• Start mounting - This refers to the process of calling the render function which returns the VNode, fetching the EL (in our case div#app), and mounting our VNode to the Actual DOM.
  • Once mounted, we’ll see “hello” in our browser.

Now with the proper lifecycle hooks, this looks like:

Mounting with Reactivity and Rendering

Remember in lesson 1 when we watched this code for reactive properties?

watcher(() => {
data.total = data.price * data.quantity
})

In the Vue lifecycle.js codebase we find:

export function mountComponent (...) {
...
callHook(vm, 'beforeMount')
let updateComponent = () => {
vm._update(vm._render(), hydrating) // Notice our render function is called
}
new Watcher(vm, updateComponent, noop, null, true)
// Here's our watcher which will call render, and while it's calling render it will be listening for reactive properties.

So if we are rendering with reactive data, here’s how it all starts to work together:

If we already have the component loaded onto the page, and we change the reactive data, like on the console, here’s what we see:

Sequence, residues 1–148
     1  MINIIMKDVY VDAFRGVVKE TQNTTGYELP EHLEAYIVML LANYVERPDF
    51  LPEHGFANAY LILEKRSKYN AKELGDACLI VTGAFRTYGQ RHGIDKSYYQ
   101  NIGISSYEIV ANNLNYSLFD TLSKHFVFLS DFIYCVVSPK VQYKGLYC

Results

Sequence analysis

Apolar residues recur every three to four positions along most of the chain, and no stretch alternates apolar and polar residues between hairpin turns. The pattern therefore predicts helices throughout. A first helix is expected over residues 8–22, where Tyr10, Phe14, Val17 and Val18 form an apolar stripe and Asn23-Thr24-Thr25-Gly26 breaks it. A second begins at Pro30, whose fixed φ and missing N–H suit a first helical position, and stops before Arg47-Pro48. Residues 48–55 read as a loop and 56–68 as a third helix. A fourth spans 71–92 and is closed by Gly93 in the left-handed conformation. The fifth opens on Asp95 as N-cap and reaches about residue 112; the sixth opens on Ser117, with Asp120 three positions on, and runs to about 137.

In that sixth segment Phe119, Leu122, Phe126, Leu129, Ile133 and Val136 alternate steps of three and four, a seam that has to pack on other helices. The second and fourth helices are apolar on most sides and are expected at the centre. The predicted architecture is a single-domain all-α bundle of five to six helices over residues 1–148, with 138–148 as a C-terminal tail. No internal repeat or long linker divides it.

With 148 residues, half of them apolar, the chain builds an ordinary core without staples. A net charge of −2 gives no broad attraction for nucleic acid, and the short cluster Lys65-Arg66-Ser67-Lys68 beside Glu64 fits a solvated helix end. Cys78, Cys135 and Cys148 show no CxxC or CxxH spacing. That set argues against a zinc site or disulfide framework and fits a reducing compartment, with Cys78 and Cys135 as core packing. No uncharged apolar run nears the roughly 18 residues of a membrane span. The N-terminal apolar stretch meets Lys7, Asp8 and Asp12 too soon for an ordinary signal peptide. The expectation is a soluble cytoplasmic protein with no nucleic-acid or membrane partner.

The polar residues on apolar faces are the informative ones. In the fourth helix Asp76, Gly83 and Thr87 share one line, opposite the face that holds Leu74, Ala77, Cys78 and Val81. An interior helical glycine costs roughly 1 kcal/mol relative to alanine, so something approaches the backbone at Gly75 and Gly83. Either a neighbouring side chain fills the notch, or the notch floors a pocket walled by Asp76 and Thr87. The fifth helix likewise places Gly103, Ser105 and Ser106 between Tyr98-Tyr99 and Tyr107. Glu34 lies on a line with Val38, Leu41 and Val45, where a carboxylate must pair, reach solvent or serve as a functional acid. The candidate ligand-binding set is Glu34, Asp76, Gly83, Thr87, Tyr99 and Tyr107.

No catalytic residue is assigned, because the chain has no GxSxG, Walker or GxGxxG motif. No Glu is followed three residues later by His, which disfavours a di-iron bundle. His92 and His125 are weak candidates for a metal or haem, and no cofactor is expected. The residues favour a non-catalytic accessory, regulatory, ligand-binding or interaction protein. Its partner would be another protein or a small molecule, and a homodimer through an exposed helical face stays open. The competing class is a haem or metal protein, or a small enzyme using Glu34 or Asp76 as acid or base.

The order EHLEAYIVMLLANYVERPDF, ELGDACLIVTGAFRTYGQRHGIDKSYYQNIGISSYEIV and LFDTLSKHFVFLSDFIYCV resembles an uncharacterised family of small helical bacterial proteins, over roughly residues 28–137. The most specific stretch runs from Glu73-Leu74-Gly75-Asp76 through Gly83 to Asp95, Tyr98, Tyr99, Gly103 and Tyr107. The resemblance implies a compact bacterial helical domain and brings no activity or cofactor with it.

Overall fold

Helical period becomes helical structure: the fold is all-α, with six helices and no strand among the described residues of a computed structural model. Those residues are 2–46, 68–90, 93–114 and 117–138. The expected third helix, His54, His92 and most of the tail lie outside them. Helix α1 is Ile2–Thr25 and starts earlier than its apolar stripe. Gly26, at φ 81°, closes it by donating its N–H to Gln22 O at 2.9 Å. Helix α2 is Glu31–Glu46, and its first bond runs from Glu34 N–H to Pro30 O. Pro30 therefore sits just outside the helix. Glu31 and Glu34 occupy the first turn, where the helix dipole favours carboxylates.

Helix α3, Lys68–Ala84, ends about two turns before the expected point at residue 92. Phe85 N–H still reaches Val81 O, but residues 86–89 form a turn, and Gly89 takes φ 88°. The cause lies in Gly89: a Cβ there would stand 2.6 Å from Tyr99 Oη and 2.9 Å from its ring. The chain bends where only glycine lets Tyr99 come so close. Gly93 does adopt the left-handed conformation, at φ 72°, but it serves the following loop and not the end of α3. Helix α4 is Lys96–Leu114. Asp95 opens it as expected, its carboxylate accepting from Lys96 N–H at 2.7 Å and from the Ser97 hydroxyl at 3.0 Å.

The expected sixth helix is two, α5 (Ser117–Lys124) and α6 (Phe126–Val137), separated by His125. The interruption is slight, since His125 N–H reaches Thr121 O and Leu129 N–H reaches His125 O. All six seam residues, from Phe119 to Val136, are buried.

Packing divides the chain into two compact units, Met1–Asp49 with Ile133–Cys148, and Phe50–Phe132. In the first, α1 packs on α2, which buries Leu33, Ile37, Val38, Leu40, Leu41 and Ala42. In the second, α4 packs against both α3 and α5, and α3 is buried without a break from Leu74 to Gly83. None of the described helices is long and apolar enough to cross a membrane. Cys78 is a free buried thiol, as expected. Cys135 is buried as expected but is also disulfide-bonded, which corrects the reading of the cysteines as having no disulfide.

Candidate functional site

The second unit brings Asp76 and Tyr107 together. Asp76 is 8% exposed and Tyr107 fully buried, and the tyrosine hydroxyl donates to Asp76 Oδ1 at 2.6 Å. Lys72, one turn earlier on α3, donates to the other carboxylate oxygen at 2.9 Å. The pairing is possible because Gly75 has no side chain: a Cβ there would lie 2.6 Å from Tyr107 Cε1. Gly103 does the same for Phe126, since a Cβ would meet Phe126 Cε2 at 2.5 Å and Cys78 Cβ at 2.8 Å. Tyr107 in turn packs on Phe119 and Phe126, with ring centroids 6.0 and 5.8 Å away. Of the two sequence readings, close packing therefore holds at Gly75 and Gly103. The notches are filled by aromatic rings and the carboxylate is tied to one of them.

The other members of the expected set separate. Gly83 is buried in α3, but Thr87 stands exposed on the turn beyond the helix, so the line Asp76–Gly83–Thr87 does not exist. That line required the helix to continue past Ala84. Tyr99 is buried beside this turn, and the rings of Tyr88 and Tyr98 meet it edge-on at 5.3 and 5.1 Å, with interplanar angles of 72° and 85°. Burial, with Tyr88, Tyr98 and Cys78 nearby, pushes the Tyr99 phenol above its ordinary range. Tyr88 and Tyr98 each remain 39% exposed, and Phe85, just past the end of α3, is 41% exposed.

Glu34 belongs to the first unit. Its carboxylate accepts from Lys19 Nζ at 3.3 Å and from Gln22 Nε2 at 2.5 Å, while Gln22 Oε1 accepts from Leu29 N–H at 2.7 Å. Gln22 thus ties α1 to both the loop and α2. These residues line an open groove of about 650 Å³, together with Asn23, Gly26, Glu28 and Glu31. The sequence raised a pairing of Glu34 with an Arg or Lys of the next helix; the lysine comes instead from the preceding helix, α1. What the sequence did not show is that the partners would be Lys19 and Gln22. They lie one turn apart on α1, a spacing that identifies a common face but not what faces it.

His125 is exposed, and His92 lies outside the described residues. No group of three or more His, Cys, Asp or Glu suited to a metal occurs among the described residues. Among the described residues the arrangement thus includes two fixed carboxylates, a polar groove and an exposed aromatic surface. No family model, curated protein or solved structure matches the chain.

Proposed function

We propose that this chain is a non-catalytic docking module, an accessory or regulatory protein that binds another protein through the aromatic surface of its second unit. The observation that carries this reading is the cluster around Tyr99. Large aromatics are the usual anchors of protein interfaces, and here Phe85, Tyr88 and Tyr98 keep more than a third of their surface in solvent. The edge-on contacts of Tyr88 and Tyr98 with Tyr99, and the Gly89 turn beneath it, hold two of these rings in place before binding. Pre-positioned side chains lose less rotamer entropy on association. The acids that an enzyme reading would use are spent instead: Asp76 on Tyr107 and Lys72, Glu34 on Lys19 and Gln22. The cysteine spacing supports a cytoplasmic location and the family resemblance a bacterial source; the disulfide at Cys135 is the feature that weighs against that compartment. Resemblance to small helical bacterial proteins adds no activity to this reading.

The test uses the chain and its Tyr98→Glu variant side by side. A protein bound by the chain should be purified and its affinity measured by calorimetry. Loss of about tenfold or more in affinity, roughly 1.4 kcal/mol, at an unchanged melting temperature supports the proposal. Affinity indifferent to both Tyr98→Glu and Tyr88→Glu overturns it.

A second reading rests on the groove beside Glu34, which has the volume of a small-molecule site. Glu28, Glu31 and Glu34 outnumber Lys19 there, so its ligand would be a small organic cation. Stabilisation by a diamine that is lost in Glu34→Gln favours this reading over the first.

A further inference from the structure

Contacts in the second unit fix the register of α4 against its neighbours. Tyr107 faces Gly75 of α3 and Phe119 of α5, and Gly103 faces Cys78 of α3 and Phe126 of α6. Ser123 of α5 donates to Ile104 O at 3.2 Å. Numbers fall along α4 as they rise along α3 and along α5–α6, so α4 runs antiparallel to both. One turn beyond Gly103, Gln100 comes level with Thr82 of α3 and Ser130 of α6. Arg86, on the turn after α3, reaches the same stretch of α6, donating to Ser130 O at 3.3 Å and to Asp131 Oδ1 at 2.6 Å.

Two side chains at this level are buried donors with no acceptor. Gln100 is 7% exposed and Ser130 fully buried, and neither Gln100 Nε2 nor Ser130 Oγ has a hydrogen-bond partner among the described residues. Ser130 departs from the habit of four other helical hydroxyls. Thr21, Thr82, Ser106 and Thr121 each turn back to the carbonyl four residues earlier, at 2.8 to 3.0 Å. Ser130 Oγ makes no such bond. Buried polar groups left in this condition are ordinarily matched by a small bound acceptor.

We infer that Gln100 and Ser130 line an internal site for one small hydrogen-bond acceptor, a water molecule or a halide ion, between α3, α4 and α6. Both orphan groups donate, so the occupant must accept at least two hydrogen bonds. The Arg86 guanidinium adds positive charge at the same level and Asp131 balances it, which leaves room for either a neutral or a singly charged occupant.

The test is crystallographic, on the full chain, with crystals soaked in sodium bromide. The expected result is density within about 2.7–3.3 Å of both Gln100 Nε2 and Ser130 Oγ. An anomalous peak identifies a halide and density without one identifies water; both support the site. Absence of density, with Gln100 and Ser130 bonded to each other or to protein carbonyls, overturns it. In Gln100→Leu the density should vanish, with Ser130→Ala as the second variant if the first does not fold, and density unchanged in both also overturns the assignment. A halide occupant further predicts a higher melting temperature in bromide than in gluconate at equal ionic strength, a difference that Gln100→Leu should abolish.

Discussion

This image should make a little more sense now, this time with annotations.

Notice how it’s the render function that is triggered by the Watcher when one of the reactive properties gets changed. Do you see how the Component render function returns the Virtual Dom Node? Yes it says “Virtual DOM Tree”, our VNode could have a tree of nodes as children, so it’s not wrong.

More createElement syntax options

There’s lots of creative ways to leverage the power of the render function, and our trusty h method. Here are a few simpler examples:

render(h) {
return h('ul', [
h('li', 'Gregg'),
h('li', 'Adam'),
h('li', 'Melissa')
])

As you can see, if the second parameter is an array, it’s children nodes.

What do you think this would render?

render(h) {
return h('div',
{
attrs:
{
id: 'people'
},
class: 'sideBar'
},
"Gregg and Chase")
}

It renders:

<div id="people" class="sideBar">Gregg and Chase</div>

The second argument has now become a data object where we can send in attributes that we would use in a template. The third argument just creates text. The Vue docs detail all the options you have in this data object.

Adding JSX